Rural Black voters, including those in Scotland County, are key for Democrats in NC

By Ben Rappaport and Kerria Weaver

In a navy blue pinstripe suit and black and gold paisley tie, 93-year-old William Matthews Jr. drove through downtown Laurinburg in a Wagoneer bearing his name, waving and tossing candy out the window as he passed the crowds.

Matthews, a retired command sergeant major in the National Guard, was the grand marshal for Scotland County’s Second Annual Black History Parade on Saturday. Organized by the African American Heritage Committee of Scotland County, the parade made its way down Main Street, across McGirts Bridge and into the I. Ellis Johnson Community Center, which was once one of the first integrated public schools in the county. 

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As a lifetime resident of the Scotland County town of Wagram, and the first Black adviser to work in the Pentagon, Matthews says he knows the importance of a strong Black community, especially in the rural South.

“If you look around Scotland County, Black history is everywhere,” Matthews told the Border Belt Independent. “I’m glad to have played some small part in that, but I just hope others in my community will get up and serve as well.”

Events like the parade are a reminder of the power the Black community has in Scotland County, said Dawn McNeill, one of the organizers. That power can translate to the polls, particularly for Democratic candidates: Black residents make up 40% of the county’s population and 45% of the registered voters. Most of the county’s active Black voters — 81% — are registered Democrats, according to 2023 data. 

A scene from Scotland County’s Second Annual Black History Parade on Saturday. (Photo by Kerria Weaver)

Scotland County represents a microcosm for North Carolina Democrats in 2024 as the state party focuses on rural communities, particularly Black voters. While the majority of Black voters are Democrats, the party is trying to connect with those who feel disregarded and disengaged in areas where many white voters have switched to the Republican Party. 

Democrats’ success or failure in wooing rural Black voters to the ballot box could help determine key races in November.

In Scotland County, some Black residents say they feel left behind by elected officials at all levels of government, leading to a decline in voter turnout. In 2018, 48% of Black voters in the county participated in the election. In 2022, the figure dropped to 46%, according to an analysis by Democracy NC

Statewide, turnout among Black voters fell even more, from 48% in 2018 to 42% in 2022. That year, white voters saw their highest turnout in a midterm election in more than three decades, the nonprofit policy group found. 

“The numbers are clear,” said Kimberly Hardy, second vice chair for the North Carolina Democratic Party. “When Black folks vote, Democrats win. Black voters stay home, so do Democrats.”

Re-engaging voters

Republicans have made gains in recent years in Scotland County, as they have in surrounding areas in rural southeastern North Carolina. 

In 2020, Donald Trump won Scotland County by 2 points, securing 50% of the vote. Republican Sen. Thom Tillis edged Democrat Cal Cunningham by 1 point. Rep. Dan Bishop and Lt. Gov. Mark Robinson, both Republicans, also won the county by just 1 point.

Before that election, Democrats historically swept the county that is home to about 34,000 people. Scotland voters picked Barack Obama and Hillary Clinton in the previous two presidential elections, with each winning by at least 8 percentage points.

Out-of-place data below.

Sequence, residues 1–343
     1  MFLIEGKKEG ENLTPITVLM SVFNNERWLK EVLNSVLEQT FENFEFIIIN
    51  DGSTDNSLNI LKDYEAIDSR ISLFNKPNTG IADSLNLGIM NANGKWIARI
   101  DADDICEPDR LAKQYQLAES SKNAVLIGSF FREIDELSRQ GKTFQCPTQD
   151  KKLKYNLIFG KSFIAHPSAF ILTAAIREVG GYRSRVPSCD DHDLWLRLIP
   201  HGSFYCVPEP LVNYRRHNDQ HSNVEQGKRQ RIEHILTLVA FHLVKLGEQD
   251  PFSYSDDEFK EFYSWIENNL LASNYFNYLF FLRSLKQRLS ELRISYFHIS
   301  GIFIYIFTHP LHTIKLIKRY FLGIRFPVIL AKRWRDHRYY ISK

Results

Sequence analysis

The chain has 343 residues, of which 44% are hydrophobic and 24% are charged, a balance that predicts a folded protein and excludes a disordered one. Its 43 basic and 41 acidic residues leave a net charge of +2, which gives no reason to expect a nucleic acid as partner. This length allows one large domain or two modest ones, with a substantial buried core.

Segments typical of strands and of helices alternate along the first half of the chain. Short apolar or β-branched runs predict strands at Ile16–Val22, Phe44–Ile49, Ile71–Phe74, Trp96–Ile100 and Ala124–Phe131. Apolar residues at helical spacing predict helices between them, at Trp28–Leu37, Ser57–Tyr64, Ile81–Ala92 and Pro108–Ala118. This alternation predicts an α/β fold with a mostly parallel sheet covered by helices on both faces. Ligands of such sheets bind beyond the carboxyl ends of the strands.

The shift toward Republicans prompted the North Carolina Democratic Party to choose Scotland as one of six counties targeted to increase Black voter turnout for the upcoming election. (The other counties are Cumberland, Lenoir, Nash, Pitt and Perquimans.)  A voter canvass earlier this month — which included distributing state party literature, collecting data and door-knocking in predominantly Black neighborhoods — was a follow-up to a 30-county listening tour conducted by state party officials in eastern North Carolina focused on issues important to Black voters.

“Scotland is a county where the local [Democratic] party hadn’t been quite as active,”  Hardy said. “But the Republicans have been picking up steam, and doing things they haven’t usually done before there.”

Laurinburg Police Chief Mitch Johnson speaks at the Scotland County Black History Parade on Saturday. “It takes all of us to bring about change,” he said. (Photo by Ben Rappaport)

The Republican National Committee opened an office in neighboring Robeson County in 2022, catering to Lumbee voters who had historically voted for Democrats but were switching to the GOP. The Lumbee Native American tribe’s territory includes Cumberland, Hoke, Robeson and Scotland counties. 

During the listening tour, Hardy said she heard time and time again that eastern rural counties felt disregarded by the state Democratic Party, and that their votes didn’t matter. 

“Our goal should always be to try and re-engage voters that we’ve lost,” Hardy said. “A huge subgroup of the folks we’ve lost have been African American rural voters down east.”

Hardy, who became second vice chair last year, said a declining voter turnout — especially among Democrats — is evidence the party is not meeting the needs of some voters. She said turning the table back in Democrats’ favor requires a grassroots effort aimed at making voters feel seen and cared for.

When voters don’t find appreciation in one party, they may try the other on for size. That’s the message Scotland County Republican Party Chairman Joe Patton is encouraging as the election approaches. In Scotland County, fewer than 200 active Black voters are registered Republicans. 

Across all voters, registered Democrats outnumber Republicans more than two to one. Democrats make up 45% of the electorate, while unaffiliated voters account for 32% and Republicans account for 21%. 

Despite the figures, Patton, a lifelong Laurinburg resident, says the election results speak for themselves.